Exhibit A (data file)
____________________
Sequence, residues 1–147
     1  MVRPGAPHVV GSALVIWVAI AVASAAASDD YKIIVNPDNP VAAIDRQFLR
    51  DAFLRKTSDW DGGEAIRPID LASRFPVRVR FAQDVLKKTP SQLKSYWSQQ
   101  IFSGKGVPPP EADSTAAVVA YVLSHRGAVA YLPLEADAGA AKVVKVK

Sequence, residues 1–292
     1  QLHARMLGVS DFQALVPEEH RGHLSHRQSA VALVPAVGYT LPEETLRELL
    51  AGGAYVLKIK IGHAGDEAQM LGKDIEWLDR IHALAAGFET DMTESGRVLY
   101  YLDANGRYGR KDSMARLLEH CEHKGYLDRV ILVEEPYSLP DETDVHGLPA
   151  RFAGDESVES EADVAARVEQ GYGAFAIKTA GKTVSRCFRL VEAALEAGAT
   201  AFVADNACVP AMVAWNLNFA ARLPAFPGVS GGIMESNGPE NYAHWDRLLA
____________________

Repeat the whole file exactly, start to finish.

Sequence, residues 1–147
     1  MVRPGAPHVV GSALVIWVAI AVASAAASDD YKIIVNPDNP VAAIDRQFLR
    51  DAFLRKTSDW DGGEAIRPID LASRFPVRVR FAQDVLKKTP SQLKSYWSQQ
   101  IFSGKGVPPP EADSTAAVVA YVLSHRGAVA YLPLEADAGA AKVVKVK

Sequence, residues 1–292
     1  QLHARMLGVS DFQALVPEEH RGHLSHRQSA VALVPAVGYT LPEETLRELL
    51  AGGAYVLKIK IGHAGDEAQM LGKDIEWLDR IHALAAGFET DMTESGRVLY
   101  YLDANGRYGR KDSMARLLEH CEHKGYLDRV ILVEEPYSLP DETDVHGLPA
   151  RFAGDESVES EADVAARVEQ GYGAFAIKTA GKTVSRCFRL VEAALEAGAT
   201  AFVADNACVP AMVAWNLNFA ARLPAFPGVS GGIMESNGPE NYAHWDRLLA